Three days on, there is still plenty of disagreement over who is to blame (and for what, exactly) in the low drama that “traders are calling… ‘The Bartiromo Affair’” (per the Financial Times) or, what one analyst dubbed the “Ben/Maria tête-a-tête” (per the Chicago Tribune, registration required).


The facts of BartiromoGate (or BernankeGate, if you prefer) are, in a nutshell, as follows: Last Thursday, Federal Reserve Chairman Ben Bernanke testified before Congress. The markets reacted strongly (upward) to his testimony. On Monday, CNBC’s Maria Bartiromo (aka, The Money Honey) reported —“Scoop!”— that Bernanke made some comments to her at the White House Correspondents Dinner on Saturday night indicating that the markets had misinterpreted his testimony. The markets again reacted strongly — this time in the other direction.


Here is how the blame is being apportioned:


1) There is the “Blame Bernanke” contingent, consisting of bewildered Wall Street economists/strategists/consultants as quoted in assorted media reports and summarized as follows: The new Fed chair shouldn’t have talked out of school to a reporter at a boozy Beltway gathering. Let’s call it a rookie blunder…unless, of course, Bernanke wanted to get a corrective message out to the markets. And in that case, shame on Bernanke for not speaking out publicly himself and instead playing a game of telephone with The Money Honey.


2) Blaming both the markets and the Fed chair is none other than Henry Blodget who chimed in at The Huffington Post yesterday to remind Bernanke (and the rest of us) that Wall Street hears what it wants to hear rather than what is being said. “Last week, Bernanke gave a speech to Congress in which he said, clear as crystal, that, instead of raising rates every meeting, the Fed would now make decisions on a meeting-by-meeting basis,” writes Blodget. “What did Wall Street hear? Rate increases were over. Stocks skyrocketed.” But to Bernanke Blodget scolds, “Don’t explain yourself in plain English to journalists at dinner parties.”


3) Then there are the “Blame Bartiromo” folks who contend that the CNBC anchor should not have reported Bernanke’s comments at all because the White House Correspondents Dinner is an off-the-record event. (See Bloomberg News columnist John M. Berry and Brett Ferguson of BNA Daily Report for Executives).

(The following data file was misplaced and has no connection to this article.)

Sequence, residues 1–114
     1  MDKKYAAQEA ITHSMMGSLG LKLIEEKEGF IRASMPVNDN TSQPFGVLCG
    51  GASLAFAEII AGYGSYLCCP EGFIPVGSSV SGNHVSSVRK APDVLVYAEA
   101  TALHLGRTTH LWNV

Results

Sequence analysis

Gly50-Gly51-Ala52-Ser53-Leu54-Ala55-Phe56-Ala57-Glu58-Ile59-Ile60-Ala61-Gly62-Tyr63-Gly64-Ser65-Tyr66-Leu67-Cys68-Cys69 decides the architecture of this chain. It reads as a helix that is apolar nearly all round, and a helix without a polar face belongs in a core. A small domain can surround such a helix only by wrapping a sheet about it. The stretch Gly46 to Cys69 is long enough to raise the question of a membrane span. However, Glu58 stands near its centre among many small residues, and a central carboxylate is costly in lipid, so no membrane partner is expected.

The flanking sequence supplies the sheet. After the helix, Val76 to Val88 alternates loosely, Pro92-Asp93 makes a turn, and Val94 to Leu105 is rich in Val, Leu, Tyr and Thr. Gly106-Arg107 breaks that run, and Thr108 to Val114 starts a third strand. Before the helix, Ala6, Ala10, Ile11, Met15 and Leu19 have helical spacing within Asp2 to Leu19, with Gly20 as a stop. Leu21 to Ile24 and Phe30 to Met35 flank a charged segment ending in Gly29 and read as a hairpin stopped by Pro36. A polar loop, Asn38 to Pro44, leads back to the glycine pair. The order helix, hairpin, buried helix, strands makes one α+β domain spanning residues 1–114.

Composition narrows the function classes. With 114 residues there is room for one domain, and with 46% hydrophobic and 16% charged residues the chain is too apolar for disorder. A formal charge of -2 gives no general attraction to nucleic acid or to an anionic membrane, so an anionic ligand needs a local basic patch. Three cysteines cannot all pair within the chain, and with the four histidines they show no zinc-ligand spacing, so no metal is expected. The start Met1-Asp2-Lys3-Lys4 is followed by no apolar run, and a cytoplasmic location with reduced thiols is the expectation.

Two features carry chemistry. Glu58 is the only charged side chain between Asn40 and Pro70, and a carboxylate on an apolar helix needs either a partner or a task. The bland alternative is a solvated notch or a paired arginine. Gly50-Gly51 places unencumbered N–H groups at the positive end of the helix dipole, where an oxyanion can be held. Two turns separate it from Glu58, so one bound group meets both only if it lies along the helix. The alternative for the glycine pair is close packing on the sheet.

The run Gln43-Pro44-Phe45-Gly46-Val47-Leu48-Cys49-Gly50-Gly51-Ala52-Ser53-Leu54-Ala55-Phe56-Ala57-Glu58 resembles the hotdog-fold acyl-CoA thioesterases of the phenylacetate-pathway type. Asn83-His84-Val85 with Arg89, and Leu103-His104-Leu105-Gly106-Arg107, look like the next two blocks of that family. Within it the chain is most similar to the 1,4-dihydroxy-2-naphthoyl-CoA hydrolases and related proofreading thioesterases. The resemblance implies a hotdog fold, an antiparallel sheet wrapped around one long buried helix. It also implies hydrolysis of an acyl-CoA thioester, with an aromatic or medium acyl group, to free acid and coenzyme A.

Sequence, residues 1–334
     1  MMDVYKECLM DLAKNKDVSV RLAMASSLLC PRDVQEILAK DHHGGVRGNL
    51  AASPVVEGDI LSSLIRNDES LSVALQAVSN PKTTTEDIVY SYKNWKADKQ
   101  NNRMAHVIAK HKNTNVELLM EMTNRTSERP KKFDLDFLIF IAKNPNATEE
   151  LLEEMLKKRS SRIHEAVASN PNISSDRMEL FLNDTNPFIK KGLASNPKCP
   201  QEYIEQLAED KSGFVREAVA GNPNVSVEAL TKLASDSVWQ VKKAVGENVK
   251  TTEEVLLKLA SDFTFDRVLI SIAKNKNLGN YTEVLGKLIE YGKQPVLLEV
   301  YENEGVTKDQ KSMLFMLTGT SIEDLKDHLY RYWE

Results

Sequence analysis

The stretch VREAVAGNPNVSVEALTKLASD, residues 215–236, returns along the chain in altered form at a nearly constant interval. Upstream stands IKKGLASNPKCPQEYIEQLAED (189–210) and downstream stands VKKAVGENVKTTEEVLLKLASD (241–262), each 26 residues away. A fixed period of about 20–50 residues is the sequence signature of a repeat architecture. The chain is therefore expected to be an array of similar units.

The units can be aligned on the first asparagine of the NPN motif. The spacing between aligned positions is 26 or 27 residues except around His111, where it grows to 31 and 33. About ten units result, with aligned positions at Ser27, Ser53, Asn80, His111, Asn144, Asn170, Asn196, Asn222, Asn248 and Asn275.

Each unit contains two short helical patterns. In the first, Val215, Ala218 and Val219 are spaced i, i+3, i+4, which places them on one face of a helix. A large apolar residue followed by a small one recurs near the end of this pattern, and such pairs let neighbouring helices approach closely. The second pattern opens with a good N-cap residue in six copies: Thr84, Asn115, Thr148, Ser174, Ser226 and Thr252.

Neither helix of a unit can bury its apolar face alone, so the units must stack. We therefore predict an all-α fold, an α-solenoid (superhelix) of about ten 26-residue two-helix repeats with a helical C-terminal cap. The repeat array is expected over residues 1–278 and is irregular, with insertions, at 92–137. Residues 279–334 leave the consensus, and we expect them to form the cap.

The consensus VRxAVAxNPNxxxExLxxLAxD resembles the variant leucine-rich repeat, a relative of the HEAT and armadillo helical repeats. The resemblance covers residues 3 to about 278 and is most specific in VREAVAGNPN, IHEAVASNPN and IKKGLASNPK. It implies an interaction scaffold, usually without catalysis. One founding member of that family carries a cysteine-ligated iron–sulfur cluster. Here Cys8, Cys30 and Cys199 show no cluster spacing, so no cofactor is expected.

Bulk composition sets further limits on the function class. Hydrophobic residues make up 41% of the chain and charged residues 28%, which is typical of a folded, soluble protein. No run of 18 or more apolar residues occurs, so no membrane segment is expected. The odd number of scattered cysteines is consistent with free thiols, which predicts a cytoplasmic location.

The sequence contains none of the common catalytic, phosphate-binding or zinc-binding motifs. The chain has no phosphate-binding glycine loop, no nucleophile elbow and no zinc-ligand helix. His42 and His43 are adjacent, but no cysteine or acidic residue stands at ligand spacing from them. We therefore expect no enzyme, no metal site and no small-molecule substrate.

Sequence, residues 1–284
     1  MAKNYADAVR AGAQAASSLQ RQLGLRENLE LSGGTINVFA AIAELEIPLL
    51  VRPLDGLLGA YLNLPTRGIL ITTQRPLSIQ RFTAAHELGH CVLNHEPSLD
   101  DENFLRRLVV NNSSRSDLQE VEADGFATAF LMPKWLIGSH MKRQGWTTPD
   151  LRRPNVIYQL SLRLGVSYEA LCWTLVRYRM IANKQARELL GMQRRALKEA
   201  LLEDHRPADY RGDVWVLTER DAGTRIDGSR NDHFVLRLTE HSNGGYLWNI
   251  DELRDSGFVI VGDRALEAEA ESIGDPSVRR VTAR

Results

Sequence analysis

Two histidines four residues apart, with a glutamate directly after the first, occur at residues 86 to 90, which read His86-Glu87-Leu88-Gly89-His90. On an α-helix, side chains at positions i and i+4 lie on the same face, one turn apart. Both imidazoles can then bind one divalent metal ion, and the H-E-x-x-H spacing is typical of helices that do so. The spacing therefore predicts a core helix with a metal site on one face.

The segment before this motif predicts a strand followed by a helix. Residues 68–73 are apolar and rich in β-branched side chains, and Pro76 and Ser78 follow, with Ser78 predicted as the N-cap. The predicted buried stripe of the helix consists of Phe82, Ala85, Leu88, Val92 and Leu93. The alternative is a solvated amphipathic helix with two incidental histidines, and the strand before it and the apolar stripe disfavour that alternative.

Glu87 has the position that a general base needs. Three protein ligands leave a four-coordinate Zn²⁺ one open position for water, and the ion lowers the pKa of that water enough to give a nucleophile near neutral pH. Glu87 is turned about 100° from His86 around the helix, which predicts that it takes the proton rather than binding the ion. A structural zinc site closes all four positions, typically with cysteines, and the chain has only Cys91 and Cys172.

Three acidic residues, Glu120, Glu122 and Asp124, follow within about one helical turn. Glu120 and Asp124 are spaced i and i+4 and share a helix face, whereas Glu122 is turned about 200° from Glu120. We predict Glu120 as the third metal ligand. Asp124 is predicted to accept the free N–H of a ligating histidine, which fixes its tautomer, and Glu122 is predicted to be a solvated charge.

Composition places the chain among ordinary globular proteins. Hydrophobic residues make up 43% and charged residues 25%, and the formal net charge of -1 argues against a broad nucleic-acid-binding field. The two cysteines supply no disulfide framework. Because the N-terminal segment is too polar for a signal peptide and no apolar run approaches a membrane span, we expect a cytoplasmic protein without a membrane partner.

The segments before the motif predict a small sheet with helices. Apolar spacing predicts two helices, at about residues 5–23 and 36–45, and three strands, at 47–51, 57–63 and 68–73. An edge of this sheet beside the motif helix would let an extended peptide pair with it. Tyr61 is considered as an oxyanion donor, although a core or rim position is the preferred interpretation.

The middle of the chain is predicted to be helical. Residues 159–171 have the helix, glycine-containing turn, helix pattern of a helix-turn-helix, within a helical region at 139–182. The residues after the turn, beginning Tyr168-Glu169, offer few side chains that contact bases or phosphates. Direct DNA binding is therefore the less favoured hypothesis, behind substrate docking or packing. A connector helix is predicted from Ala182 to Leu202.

No conversation is off-the-record unless and until the reporter and interviewee together make those specific arrangements before they start talking. What interests us about Bartiromo’s (and CNBC’s) behavior is how she and her network played what CNBC’s Larry Kudlow called “her important scoop.”


Our beef can be summarized as follows: after hyping an “interesting” scoop and teasing viewers about the “surprising comments” you are about to report, don’t feign surprise when your viewers are actually surprised by what you report — and then don’t take a victory lap on a colleague’s program to further celebrate your “surprising” “scoop,” while still insisting it wasn’t very surprising.


Allow us to explain.


Fifteen minutes before Bartiromo’s show, “The Closing Bell,” began on Monday, she appeared on-air to tease her “scoop” thusly: “Over the weekend I had an opportunity to talk with Ben Bernanke, the Fed Chairman. You won’t want to miss what he told me about the markets and how the markets and media covered last week’s testimony in front of Congress. Interesting comments to say the least.”


(Lumping “the media’s” handling of Bernanke’s testimony last week in with the markets’ handling of it is misleading. Much of the media focused on Bernanke’s oil-prices- related testimony, but those who did cover his comments on raising rates generally did so fully and with minimal speculation — like, for example, the Washington Post’s Nell Henderson who last Friday wrote: “Federal Reserve Chairman Ben S. Bernanke told Congress yesterday that he and his central bank colleagues may pause in the process of raising interest rates to restrain inflation but that would not necessarily mean they were finished.” The markets? They fixated on the “pause” part of Bernanke’s comments.)


Twelve minutes into Bartiromo’s show she ratcheted up the hype, talking about how at “the star-studded event” known as the White House Correspondents Dinner she “had the chance to talk with Fed Chairman Ben Bernanke…and he had surprising comments about the media’s coverage of his congressional testimony last week. I’ve got those details…coming up…”

Liz Cox Barrett is a writer at CJR.